In 1999, the year-end sales push started early, especially for anyone providing advertising or business services to online retailers. Online retailers were flush with cash, and desperately seeking Amazon.com-like greatness with one big television spending spree.
This year, now that the money is spent and investors are more discriminating, those in Internet land are focused on building real (read: profitable) businesses. The challenge is doing so in this unique medium of rapid growth and a constantly evolving business landscape.
There are several important principles to follow when planning for this year’s peak selling period. First, be proactive, especially and most importantly when it doesn’t cost anything. Second, be reactive with your resources, tactics and commitments. Finally, focus on your existing customers, and maximize the amount of money they spend with you, as opposed to getting distracted by the quest for new business.
Being proactive means assembling contingency plans and opening fast-reacting communication channels across functions. Contingency plans are critical, and too few companies spend the time to put them together.
Map out the entire marketing process from visitor to package delivery, and understand what happens, for example, if the credit card verification process fails or if someone runs rampant with “renegade” coupons. Make sure you understand potential bottlenecks, and start measuring critical performance parameters as soon as possible. These steps will enable you to establish a base line before the season starts.
Encourage your senior management to imagine what potential disasters might occur, and agree on how you will respond, both from an operational and a public relations perspective. Prepare the organization to react, and anticipate/discuss the natural conflicts among functional areas.
A good example of this is engineering and marketing. Engineers naturally want everything laid out weeks in advance, and marketers want to turn on a dime. Encourage both sides to talk about and address the other’s needs before things get frantic so that communications do not break down.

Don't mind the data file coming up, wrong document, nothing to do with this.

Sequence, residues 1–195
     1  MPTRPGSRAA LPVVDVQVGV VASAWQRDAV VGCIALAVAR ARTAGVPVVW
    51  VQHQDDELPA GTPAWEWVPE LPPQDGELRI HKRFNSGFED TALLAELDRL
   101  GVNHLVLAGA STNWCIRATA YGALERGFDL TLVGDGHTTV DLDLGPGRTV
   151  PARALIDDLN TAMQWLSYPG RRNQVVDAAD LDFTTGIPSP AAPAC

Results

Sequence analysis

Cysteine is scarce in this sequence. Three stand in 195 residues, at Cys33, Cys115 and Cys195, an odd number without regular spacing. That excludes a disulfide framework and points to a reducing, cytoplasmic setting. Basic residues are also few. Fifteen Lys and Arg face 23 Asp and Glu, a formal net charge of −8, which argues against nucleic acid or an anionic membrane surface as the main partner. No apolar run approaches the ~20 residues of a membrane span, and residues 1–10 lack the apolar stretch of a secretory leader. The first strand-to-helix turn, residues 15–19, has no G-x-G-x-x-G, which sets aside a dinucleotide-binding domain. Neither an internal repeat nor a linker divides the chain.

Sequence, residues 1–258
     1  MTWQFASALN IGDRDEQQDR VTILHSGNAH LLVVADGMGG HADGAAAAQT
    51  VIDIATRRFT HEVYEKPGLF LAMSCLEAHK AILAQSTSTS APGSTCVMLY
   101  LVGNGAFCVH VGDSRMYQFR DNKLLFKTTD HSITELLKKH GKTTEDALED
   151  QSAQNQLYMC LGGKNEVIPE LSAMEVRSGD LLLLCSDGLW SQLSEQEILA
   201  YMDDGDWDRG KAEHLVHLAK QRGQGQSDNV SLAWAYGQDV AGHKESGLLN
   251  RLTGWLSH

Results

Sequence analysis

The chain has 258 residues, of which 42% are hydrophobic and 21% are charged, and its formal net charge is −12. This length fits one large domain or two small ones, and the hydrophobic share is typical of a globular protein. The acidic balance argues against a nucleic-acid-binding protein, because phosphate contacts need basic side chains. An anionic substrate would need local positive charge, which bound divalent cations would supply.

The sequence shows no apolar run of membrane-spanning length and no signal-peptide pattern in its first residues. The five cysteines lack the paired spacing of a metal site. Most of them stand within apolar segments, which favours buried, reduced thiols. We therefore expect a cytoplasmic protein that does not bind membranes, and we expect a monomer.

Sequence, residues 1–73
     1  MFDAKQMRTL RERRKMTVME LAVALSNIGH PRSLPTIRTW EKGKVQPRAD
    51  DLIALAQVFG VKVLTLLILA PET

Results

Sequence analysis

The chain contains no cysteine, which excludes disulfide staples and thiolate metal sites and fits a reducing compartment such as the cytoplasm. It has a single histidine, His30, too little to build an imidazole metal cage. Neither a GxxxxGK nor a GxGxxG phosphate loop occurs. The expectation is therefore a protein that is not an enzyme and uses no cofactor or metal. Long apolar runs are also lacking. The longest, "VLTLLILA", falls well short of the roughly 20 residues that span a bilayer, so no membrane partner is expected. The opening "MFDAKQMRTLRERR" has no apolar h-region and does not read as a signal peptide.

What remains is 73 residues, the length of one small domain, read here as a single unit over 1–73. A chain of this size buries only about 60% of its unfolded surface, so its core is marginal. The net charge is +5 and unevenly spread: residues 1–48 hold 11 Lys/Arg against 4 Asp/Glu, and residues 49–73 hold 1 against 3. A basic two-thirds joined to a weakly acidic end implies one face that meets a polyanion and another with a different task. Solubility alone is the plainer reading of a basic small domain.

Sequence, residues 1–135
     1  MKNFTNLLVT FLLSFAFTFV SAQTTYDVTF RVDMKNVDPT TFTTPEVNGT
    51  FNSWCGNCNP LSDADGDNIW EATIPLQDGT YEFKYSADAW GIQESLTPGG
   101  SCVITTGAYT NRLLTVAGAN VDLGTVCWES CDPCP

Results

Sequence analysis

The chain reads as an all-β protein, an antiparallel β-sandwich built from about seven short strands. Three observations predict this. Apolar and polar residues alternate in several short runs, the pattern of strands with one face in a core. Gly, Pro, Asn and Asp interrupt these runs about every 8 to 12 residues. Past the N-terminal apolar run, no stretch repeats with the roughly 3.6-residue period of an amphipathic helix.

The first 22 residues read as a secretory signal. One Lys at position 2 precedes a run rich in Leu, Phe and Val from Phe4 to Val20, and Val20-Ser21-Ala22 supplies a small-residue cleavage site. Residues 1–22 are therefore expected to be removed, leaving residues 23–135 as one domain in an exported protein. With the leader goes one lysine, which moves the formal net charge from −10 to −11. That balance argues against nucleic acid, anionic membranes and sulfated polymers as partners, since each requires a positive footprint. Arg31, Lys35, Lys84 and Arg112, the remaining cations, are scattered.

Being proactive also means seeking marketing and promotional partnerships with companies with which you might not normally do business. These partnerships often cost nothing, and they can make a big difference when the seasonal onslaught begins. Get involved with the credit card companies, bricks-and-mortar and catalog retailers, and others that share similar customers and sell dissimilar products. Get creative in your quest and do everything you can on a quid pro quo or “pay for performance” basis. Your risk is minimized, and you’ll reach customers you otherwise would not.
As mentioned above, the flip side of being proactive where it counts is to be reactive whenever possible. This entails avoiding inflexible, “long lead” marketing initiatives like TV advertising and focusing on short lead tactics like e-mail. It also entails keeping a lot of your budget in reserve for last-minute opportunities that are sure to arise.
Our rule of thumb is to emphasize marketing initiatives, especially during the holidays, that can be executed in four weeks or less, and to keep at least 30 percent of our budget in reserve as we go into the quarter. We also like to keep close to 25 percent of our “open to buy” available for special last-minute holiday product opportunities, or to chase any trends we might otherwise have missed.
A reactive mind-set should be encouraged in all functional areas of a company, not just marketing. Our engineering department freezes all new site features in mid-October so that our engineers prepare for the ever-changing demands of the holidays. We have contracts with third parties to handle customer service overflow and to bring in temporary employees to help in the warehouse, as needed. And we also monitor all potential bottlenecks and performance parameters closely, so that adverse (or positive) changes can be reacted to immediately.
Perhaps the most important thing is to focus on your existing customers and avoid the seasonal temptation of concentrating on getting new shoppers. There are a number of reasons for this.
First, online profitability is heavily dependent on strong repeat business. Therefore, it is critical that you figure out how to keep your customers coming back, and there is no better time to do so than during the holidays.
Second, word-of-mouth spreads quickly on the Web, so if you can delight your existing customers, they’re more likely to tell their friends about you, thus compounding your growth.
Finally, the “holiday shopper” segment is notoriously fickle and impatient. Establishing an enduring relationship that is initiated through a holiday-based promotion, therefore, is extraordinarily difficult. In short, build your customer base before the season starts, and provide those customers with ample incentives (monetary and otherwise) to shop with you during the holidays.
• Al Noyes is executive vice president of sales and marketing at SmarterKids.com, Needham, MA. Reach him at [email protected]